Opposite the year overview is a place to record the daily overview. I can see so much potential in this page! This is a great place to list activities, classes, co-ops, sports activities, volunteering days.
Notes pages!!! There are 12 fully lined pages for notes! Be still my heart!
And there are 12 grid pages – for more notes! A total of 24 notes pages! I love having them all grouped together like this!
And now, we’re to the heart of the planner where we live our days!
This is a dated planner and it begins with August 2019. Each month begins with a full monthly spread. I love the simplicity tips at the top of each monthly spread. This monthly spread gives ample room for recording field trips, special themes, weeks or days off, and your general schedule. I love that each month has a generous notes column on the far left.
Immediately behind the monthly spread are the weekly pages for that month.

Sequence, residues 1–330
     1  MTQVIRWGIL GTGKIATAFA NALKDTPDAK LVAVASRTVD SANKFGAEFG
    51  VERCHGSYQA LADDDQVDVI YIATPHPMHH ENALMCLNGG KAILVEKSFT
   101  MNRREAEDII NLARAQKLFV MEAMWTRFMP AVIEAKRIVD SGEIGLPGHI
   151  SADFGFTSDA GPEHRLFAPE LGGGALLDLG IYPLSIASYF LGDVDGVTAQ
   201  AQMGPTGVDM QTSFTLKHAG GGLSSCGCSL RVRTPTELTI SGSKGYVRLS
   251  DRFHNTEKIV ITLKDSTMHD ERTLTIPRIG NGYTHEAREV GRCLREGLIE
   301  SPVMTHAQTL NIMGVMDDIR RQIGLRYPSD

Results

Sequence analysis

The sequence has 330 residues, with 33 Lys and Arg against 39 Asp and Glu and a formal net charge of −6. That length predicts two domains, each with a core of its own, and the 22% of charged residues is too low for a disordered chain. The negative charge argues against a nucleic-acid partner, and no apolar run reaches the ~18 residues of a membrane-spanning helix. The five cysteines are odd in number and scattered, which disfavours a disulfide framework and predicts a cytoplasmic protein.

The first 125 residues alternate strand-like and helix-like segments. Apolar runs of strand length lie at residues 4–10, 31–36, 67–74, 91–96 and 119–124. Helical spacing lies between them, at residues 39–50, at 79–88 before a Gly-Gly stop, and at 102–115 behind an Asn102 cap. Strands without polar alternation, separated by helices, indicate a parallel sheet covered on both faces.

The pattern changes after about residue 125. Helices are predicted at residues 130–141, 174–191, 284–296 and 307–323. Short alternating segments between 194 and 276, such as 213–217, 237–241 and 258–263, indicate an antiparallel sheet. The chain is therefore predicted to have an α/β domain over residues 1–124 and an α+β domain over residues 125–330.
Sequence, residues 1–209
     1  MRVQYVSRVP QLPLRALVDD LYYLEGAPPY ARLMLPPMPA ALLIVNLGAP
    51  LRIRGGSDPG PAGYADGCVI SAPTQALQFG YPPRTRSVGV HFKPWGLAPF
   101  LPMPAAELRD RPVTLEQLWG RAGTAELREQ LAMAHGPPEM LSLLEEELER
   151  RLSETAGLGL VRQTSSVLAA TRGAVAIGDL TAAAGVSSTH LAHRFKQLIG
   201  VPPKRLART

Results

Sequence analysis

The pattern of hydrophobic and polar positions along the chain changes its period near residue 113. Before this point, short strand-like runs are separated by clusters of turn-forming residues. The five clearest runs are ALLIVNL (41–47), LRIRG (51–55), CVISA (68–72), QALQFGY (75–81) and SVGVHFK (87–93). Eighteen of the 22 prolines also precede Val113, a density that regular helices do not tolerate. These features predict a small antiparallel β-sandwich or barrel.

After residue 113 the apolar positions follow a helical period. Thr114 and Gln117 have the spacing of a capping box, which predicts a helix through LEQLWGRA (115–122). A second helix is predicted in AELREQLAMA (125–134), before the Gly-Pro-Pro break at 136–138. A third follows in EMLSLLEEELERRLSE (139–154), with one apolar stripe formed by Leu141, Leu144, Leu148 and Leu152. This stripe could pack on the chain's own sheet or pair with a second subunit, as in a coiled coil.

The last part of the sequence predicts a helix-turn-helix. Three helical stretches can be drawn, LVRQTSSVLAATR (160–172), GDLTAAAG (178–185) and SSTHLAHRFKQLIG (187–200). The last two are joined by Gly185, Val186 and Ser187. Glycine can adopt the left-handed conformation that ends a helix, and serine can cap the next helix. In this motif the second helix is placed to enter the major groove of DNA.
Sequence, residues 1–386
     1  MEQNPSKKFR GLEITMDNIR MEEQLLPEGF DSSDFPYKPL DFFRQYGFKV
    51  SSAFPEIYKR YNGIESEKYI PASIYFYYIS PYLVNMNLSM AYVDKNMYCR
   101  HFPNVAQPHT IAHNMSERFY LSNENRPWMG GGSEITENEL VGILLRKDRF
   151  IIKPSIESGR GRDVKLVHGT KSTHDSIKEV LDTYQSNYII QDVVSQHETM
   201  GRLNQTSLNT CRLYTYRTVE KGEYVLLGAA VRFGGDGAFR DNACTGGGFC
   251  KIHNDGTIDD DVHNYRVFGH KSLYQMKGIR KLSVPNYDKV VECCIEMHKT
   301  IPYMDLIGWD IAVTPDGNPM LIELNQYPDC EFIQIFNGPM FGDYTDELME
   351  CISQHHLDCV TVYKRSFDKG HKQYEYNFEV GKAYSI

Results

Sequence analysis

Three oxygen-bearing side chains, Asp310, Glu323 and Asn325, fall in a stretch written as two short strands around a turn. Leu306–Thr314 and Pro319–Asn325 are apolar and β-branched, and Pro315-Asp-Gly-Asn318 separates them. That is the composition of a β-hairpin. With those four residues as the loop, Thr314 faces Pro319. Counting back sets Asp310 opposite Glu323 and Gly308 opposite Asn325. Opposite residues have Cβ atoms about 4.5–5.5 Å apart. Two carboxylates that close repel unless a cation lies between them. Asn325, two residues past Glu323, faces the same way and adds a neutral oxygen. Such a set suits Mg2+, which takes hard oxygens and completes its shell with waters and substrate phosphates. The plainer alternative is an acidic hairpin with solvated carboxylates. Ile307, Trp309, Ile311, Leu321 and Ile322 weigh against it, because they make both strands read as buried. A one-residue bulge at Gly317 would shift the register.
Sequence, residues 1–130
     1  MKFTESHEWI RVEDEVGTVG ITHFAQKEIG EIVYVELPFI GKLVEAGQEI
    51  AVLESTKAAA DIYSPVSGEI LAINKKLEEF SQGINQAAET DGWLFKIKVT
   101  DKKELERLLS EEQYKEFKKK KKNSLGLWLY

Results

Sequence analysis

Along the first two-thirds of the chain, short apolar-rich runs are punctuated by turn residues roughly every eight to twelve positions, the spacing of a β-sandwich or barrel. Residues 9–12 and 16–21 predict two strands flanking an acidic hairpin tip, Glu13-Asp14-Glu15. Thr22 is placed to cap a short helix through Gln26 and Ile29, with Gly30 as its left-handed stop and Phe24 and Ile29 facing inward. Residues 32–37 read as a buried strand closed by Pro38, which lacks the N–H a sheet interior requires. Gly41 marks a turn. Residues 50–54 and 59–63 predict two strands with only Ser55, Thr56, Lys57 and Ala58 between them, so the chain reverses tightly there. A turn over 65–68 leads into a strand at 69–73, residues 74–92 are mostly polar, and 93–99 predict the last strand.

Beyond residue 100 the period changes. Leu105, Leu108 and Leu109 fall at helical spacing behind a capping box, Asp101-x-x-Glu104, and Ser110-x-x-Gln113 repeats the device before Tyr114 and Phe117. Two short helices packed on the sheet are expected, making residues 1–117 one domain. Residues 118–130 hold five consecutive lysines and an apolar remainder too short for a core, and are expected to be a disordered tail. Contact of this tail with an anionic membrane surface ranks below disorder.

For me, and likely for you as well, this is where you’ll spend the majority of your time, both in planning and executing your days. The pages are generous and there are 6 vertical columns and a support column on the far right of each weekly spread for recording themes, booklists, notes, field trips, challenges, etc. You can label your columns however you like – list skills, subjects, or designate one column for each child. The latter is how I plan and it works so well for us!
I do want to note one piece of information. The weekly spread is unlined. This can be a pro or a con depending on your needs. Without lines, you are free to note as many assignments as you’d like under a column for a given day. The smaller you write, the more you can fit. You won’t be limited to seven lines within a block! On the other hand, if you need or appreciate lines to write when you plan (>>raises hand<<), you may feel a little lost. And I confess, this is how I’m feeling.
Finally, behind the last month of the planner is the coiled in pocket. There is a folio pocket on both sides.